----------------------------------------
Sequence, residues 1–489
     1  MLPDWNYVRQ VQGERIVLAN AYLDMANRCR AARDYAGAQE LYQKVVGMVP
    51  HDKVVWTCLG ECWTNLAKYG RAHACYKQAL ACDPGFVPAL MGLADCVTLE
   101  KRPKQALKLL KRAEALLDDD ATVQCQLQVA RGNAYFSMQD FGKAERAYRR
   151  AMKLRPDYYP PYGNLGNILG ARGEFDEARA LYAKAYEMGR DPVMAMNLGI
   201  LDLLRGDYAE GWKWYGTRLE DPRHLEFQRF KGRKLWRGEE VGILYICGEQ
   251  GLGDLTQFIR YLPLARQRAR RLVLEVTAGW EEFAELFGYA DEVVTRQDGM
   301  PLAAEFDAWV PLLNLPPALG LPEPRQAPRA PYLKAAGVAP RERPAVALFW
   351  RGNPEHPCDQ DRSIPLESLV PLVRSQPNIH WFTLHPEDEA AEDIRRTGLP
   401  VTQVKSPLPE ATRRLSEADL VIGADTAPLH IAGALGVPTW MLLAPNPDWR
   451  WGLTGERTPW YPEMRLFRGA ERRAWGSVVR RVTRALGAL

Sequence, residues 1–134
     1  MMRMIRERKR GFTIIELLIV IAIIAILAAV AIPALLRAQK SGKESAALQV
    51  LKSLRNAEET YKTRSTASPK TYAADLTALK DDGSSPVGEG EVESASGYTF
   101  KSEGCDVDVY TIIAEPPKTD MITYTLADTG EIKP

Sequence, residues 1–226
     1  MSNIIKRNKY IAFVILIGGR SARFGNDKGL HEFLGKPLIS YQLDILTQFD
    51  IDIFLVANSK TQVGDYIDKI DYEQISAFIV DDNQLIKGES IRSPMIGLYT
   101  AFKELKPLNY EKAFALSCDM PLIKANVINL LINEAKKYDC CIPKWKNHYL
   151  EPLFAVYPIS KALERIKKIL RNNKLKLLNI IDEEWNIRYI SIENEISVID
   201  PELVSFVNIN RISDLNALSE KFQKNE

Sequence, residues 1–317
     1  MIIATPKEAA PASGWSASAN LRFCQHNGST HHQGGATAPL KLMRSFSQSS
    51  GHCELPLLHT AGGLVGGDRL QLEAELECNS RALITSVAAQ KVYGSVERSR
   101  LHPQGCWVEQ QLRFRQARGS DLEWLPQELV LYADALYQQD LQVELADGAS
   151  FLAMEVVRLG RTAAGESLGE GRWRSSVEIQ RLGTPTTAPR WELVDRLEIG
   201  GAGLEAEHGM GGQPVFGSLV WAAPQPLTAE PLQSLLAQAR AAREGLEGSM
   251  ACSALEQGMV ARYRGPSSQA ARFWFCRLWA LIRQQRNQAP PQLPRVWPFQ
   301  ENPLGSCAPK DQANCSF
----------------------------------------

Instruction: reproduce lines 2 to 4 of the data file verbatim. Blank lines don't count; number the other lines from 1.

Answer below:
     1  MLPDWNYVRQ VQGERIVLAN AYLDMANRCR AARDYAGAQE LYQKVVGMVP
    51  HDKVVWTCLG ECWTNLAKYG RAHACYKQAL ACDPGFVPAL MGLADCVTLE
   101  KRPKQALKLL KRAEALLDDD ATVQCQLQVA RGNAYFSMQD FGKAERAYRR